C and C++ are not context free
January 31, 2013  

(Part 5 of a series: 1, 2, 3, 4)

It seems that the Internet is still confused about this, so let’s consider the question:

Are C and C++ context-free languages?

And the answer is

No, C and C++ are context-sensitive languages.

There are several reasons.

  1. To parse C and C++, you start by using a very powerful preprocessor. These preprocessors are inevitably written by hand (they are not based on a theoretic foundation like regular expressions or context-free grammars).

  2. C and C++ lexers require lexical feedback to differentiate between typedef names and identifiers. That is, the context-sensitive lexer needs help from the “context-free” parser to distinguish between an identifier “foo” and a typedef name “foo”. In this snippet,

         int foo;
         typedef int foo;
         foo x;

    the first “foo” is an identifier while the second and third are typedef names. You need to parse typedef declarations to figure this out (and since types have nested parentheses, this is definitely at least as hard as parsing a context-free language).

    This means that the parser and lexer are mutually recursive, so it doesn’t make sense to say that the parser is context free while the lexer is context sensitive.

  3. The grammar is ambiguous: it has LR conflicts, such as the if-then-else conflict. Parsers typically resolve this using context (an “else” matches the closest “if”).

If you believe that these reasons are not sufficient to show that the languages are context sensitive, please consult my previous post on the subject.

C and C++ are important languages so it’s worth saying a bit more.

The C and C++ preprocessors are a real problem for the languages. Among other things, they make it hard to write tools that operate on programs. For example, suppose you would like to refactor your program by renaming a function. Preprocessors can introduce new tokens, so ideally your tool would work by first running the preprocessor, then the lexer/parser to find all occurrences of the function and replacing it. But then, you have a refactored program that has already been preprocessed. At this point you would like to run the preprocessor in reverse, so that that result is both readable and similar to the original. Good luck with that.

C++ is much harder to parse than C. McPeak’s work on Elkhound and Elsa has a good discussion of the issues.

If you ever look closely at language specifications, you’ll see that they have a lot of problems. They have many ambiguities and even contradictions. Moreover, language implementations rarely meet the specification, and no two implementations work the same on all programs (cf. my posts on Postel’s Law). A Few Billion Lines of Code Later: Using Static Analysis to Find Bugs in the Real World is a delightful article by Coverity on the difficulties of writing static analyzers for C programs “in the wild.” The whole article is worth reading several times over, but here are a couple of relevant quotes:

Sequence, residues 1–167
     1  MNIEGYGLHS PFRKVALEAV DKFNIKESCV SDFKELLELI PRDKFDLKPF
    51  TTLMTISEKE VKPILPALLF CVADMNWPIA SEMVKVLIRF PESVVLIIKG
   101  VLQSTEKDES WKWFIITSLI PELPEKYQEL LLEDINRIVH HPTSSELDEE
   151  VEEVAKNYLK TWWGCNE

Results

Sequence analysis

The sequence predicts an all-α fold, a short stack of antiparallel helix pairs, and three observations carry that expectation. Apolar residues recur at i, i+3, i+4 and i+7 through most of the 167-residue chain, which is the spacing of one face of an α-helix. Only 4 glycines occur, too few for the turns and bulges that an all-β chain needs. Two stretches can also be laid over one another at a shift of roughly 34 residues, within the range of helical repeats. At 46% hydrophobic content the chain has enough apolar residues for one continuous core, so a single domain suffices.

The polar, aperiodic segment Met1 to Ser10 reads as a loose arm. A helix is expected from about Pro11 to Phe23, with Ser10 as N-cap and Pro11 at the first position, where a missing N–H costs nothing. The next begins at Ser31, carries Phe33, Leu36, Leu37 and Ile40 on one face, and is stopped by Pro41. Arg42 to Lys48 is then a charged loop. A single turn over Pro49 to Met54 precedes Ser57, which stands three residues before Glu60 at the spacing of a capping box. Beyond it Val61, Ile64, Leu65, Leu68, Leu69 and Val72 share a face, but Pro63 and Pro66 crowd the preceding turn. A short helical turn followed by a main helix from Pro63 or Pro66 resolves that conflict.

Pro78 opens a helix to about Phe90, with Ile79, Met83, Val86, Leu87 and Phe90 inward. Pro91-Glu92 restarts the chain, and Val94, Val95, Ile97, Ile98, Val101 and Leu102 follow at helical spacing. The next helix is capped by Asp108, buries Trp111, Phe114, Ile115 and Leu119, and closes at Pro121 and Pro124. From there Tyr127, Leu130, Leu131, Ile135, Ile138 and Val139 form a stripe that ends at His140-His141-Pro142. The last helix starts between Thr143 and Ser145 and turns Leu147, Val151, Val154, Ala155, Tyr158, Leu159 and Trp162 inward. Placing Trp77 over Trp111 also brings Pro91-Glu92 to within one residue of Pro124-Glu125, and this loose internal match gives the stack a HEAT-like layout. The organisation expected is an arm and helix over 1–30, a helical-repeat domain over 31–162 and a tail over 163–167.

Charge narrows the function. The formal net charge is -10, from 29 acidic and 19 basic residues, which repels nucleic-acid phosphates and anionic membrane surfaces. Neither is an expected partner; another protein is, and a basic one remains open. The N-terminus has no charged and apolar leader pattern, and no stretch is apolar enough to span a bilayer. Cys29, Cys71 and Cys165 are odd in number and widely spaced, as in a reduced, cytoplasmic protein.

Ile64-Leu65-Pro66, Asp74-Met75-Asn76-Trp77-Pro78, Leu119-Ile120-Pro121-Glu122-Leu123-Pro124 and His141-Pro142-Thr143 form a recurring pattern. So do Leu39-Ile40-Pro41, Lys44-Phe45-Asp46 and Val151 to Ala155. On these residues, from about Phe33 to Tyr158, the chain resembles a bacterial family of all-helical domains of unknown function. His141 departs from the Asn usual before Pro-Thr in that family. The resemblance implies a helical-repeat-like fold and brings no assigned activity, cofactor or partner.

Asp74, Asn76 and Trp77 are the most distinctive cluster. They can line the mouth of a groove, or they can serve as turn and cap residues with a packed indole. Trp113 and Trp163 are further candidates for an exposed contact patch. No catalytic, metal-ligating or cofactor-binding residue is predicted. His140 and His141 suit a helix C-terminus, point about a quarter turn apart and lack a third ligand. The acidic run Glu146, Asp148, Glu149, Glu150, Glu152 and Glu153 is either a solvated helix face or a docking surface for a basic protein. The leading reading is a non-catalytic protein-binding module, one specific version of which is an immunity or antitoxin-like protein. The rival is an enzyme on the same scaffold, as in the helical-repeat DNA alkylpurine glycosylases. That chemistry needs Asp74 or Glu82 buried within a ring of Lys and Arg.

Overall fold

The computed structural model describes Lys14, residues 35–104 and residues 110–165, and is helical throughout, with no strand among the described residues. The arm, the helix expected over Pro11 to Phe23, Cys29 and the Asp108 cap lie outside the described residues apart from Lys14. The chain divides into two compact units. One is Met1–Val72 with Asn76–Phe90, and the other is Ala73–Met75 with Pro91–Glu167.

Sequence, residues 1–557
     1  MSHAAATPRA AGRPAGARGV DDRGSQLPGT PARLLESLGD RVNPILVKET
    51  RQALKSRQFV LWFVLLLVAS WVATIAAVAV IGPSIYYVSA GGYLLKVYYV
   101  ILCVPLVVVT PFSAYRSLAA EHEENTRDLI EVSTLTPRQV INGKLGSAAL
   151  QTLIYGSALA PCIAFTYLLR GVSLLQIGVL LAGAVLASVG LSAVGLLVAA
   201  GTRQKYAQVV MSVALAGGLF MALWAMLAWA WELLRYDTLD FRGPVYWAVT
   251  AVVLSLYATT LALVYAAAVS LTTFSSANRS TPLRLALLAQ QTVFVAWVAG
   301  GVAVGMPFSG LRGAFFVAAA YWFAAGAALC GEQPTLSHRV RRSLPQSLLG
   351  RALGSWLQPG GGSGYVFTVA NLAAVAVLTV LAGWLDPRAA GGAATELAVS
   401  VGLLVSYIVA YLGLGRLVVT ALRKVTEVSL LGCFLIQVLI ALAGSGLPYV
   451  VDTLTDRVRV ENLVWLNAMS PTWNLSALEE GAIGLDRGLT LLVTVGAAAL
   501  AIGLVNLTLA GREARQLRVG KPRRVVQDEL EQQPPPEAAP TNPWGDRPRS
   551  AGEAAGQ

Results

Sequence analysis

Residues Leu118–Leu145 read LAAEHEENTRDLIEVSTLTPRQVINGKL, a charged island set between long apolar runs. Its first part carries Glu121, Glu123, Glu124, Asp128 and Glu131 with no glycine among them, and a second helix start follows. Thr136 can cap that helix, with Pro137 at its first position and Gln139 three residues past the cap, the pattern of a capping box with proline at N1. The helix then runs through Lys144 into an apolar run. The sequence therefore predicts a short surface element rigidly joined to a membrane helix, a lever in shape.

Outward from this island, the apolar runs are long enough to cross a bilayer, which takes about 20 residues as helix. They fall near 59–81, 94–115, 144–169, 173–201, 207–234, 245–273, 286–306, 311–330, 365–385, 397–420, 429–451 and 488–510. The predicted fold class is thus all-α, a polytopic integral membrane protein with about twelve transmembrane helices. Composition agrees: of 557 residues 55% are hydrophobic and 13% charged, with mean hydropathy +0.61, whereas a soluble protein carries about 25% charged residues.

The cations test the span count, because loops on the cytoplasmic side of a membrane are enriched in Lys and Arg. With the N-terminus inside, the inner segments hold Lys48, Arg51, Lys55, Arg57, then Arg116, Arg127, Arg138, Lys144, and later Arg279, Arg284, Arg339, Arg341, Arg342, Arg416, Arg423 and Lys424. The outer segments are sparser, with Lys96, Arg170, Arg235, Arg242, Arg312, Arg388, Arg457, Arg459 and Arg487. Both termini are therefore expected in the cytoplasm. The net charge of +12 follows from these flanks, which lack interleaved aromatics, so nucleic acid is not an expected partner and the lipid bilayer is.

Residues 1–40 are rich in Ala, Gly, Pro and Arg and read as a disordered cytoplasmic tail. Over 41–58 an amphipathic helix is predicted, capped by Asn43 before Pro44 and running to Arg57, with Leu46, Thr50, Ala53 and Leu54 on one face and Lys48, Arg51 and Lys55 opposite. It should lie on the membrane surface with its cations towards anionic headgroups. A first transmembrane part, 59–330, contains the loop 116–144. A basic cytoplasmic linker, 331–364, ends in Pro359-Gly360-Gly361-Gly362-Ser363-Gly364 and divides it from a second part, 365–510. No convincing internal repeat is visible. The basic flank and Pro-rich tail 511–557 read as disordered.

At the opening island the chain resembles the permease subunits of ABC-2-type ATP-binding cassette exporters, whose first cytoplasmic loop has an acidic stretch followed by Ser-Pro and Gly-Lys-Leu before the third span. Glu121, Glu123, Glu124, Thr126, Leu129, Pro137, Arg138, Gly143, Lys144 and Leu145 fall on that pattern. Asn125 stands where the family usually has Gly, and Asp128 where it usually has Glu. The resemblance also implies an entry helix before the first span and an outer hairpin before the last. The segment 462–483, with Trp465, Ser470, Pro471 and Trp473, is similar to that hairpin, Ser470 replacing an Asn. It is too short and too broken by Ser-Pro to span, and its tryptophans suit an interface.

Law: You can’t check code you can’t parse. Checking code deeply requires understanding the code’s semantics. The most basic requirement is that you parse it. Parsing is considered a solved problem. Unfortunately, this view is naïve, rooted in the widely believed myth that programming languages exist.

The C language does not exist; neither does Java, C++, and C#. While a language may exist as an abstract idea, and even have a pile of paper (a standard) purporting to define it, a standard is not a compiler. What language do people write code in? The character strings accepted by their compiler. Further, they equate compilation with certification. A file their compiler does not reject has been certified as “C code” no matter how blatantly illegal its contents may be to a language scholar. Fed this illegal not-C code, a tool’s C front-end will reject it. This problem is the tool’s problem.


If divergence-induced parse errors are isolated events scattered here and there, then they don’t matter. An unsound tool can skip them. Unfortunately, failure often isn’t modular. In a sad, too-common story line, some crucial, purportedly “C” header file contains a blatantly illegal non-C construct. It gets included by all files. The no-longer-potential customer is treated to a constant stream of parse errors as your compiler rips through the customer’s source files, rejecting each in turn. The customer’s derisive stance is, “Deep source code analysis? Your tool can’t even compile code. How can it find bugs?” It may find this event so amusing that it tells many friends.

(Coverity, by the way, is now looking at HTML5 parsing to find security vulnerabilities, cf. this post and BEEP.)

I don’t blame C for these problems. C is old, and it was created when there were few widely available parser generators. In fact, it looks to me like yacc and C were essentially born together! Here’s an inspirational interview with Stephen Johnson that discusses those early days. It wasn’t easy; Johnson says

Over the next several years, I rewrote the program over a dozen times, speeding it up by a factor of 10,000 or so.

That’s the level of effort and craftsmanship you need to create one of the most influential programs ever written.